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Under California

My last 2007 trip was to Baja California, the mexican south part of that huge and wild territory which starts as the home of Hollywood industrie and the Gobernator, and ends as long narrow portion of paradise licked by the turquoise waters of the Mar de Cortes and the deep blue of the Pacific Ocean. I went with E. and a friend of him, who is photographer. I met them at Tijuana, after a 40 hours bus trip from Mexico City. Just the two days at the bus is a great travel itself, but today I can just write a brief impressions summary. As most of my travels, this one started with a book: Baja California, tierra incógnita (unknown land) by Fernando Jordán, a mexican journalist borned in Mexico City, who fell in love with that mexican land. As he says, Baja California is almost an island: it is surrounded by a sea and an ocean. In the north, where it finds its only conection with land, it is desert and border with USA (I must say that maybe it has one of the most conflictive border cities in the world: Tijuana). The second beginning of my trip was at Edgardo's mind. Baja, as locals call it, became both a dream and an obsession to him during last months. This beautiful land hosts many different weathers: from desert to pleasent beaches, from oasis to mountain, from short winter days to almost tropical mornings. Here you can find amanzing human traces: the missions, 17th century buildings (or newer) surrounded by an amazing nature, founded mostly by jesuitas monks; and the the famous cave paintings made by nomadic indigenous groups. Animals will amaze you: grey whales coming from Alaska in order to give birth to their babies, friendly sea lions, huge groups of birds as only inhabitants of protected islands, a beautiful kind of deer with zeebra's printed neck ... And plants are also outrageous: cirios (a plant with the form of an inverted carrot, with white wood and green leaves), sahuaros (tall cactus), choyas (prickly green balls), bright desert flowers, golden leaved threes... Tree places amazed me the most: the lands nearby Rosarito, Cataviña's desert and Espíritu Santo (or Holy Spirit) island. And my favorite city, a place where I imagined myself living in, was La Paz. Rosarito is a small town in Baja California north part. I was amazed because of its contrasting landscape: the deep blue ocean, the kilometers of empty land, the lonely stands of delicious seafood... Everything was so bright, cold and beatiful there, the weather was sunny and windy... And for me, a girl raised in the largest city of the world, home of twenty million people, it was amanzing to see such an empty land with almost no houses or people. Cataviña is part of the desert in the border between the North and the South of Baja. It is --except for the Sahara, that is very different-- the most beautiful desert I'd ever been into. Here you can find like huge river rocks, and even a cold water pot! As there is water in this desert, you can also find amazing flowers, and the sky above is always perfectly clean and blue. Espiritu Santo Island is in front of La Paz. It is a protected wild life area, with amazing rocky formations, sea lions and coral reefs. Image from the mexican movie Bajo California. It is about a Mexican-American artist who travels all along Baja California looking for his ancestors and making artistic installations with leaves, rocks and water on his way.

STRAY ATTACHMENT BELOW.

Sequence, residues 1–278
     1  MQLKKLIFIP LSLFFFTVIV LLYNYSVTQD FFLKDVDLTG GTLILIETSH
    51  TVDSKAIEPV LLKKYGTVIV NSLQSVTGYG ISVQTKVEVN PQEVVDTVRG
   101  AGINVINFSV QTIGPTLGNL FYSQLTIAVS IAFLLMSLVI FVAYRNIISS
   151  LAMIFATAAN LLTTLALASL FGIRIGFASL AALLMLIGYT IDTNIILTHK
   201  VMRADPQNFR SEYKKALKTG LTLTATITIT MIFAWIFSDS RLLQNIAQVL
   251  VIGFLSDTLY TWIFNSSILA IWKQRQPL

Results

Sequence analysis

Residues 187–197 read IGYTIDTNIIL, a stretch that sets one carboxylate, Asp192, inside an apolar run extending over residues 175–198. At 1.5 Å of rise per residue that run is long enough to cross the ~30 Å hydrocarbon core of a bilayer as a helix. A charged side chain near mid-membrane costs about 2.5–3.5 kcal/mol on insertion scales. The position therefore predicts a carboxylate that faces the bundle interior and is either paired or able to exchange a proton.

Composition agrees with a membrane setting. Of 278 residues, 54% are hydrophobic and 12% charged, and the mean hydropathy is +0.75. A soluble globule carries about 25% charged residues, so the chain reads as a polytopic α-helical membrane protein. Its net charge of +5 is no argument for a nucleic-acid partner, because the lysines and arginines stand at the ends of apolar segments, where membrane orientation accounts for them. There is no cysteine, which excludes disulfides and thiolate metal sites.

5 comentarios:

Gernot dijo...

Hello Adiana,
first your English is excellent.Just a few misspellings here and here and a Spanish spelling instead of English.
Should I say that as English is my second language.....:)
You wrote a very nice article about Baja Norte and Baja Sur which I enjoyed reading.
I live in Rosarito with my wife and also in San Diego. I am familiar with both worlds.
I am selling Baja properties to the Americans and have noticed a small drop off in sales because of the bad publicity about all the killings going on in Baja.
Keep writing about the good things that are here as I love it her too.
Yo no soy gringo, soy Austriaco.

Adriana del Moral dijo...

Hi Gernot!!
First of all, thank you for your comment, but I will apreciatte if you're more specific about my mistakes...
And yes, Baja is lovely but is more than that as you know. I think about Mexico the way I think about India: you can't just say you love the country unless you had feel, at leas once, you hate it. Otherwise, maybe you're not in love with Mexico, you're just a tourist (which is not bad, but is different).
But yes, Baja has many good things that I fell in love with.
Y sobre ser austriaco... a su modo, Baja es Babel.

Californio dijo...

Hola Adriana,
Magnifico trabajo
¿Has leído El Mar Roxo de Cortez? otro libro de Jordán.

Adriana del Moral dijo...

Gracias por tu comentario, Californio. Hasta ahora sólo conozco dos libros de Jordán, y entre ellos no está el que tú mencionas... Me gustaría saber de qué trata.
Los libros de él nos los prestaron en la representación de Baja California en la ciudad de México, pero dime tú... ¿es Jordán un referente para los bajacalifornianos? ¿Se lee mucho?
Sigue en pie el plan, próximo post sobre Ensenada.

Californio dijo...

Hola Adriana,
Tienes razón, para ser más precisos "El Mar Roxo de Cortés" es una recopilación de sus entregas, editada por la UABC en 1995-96, una especie de bitácora de viaje por el Golfo de Cortés que iniciaría en La Paz y terminaría en Nayarit, pero falleció antes de emprender una segunda etapa si es que la habría.
Si, Fernando Jordán es referencia obligada para quienes conocen Baja California, particularmente lo es para los nativos.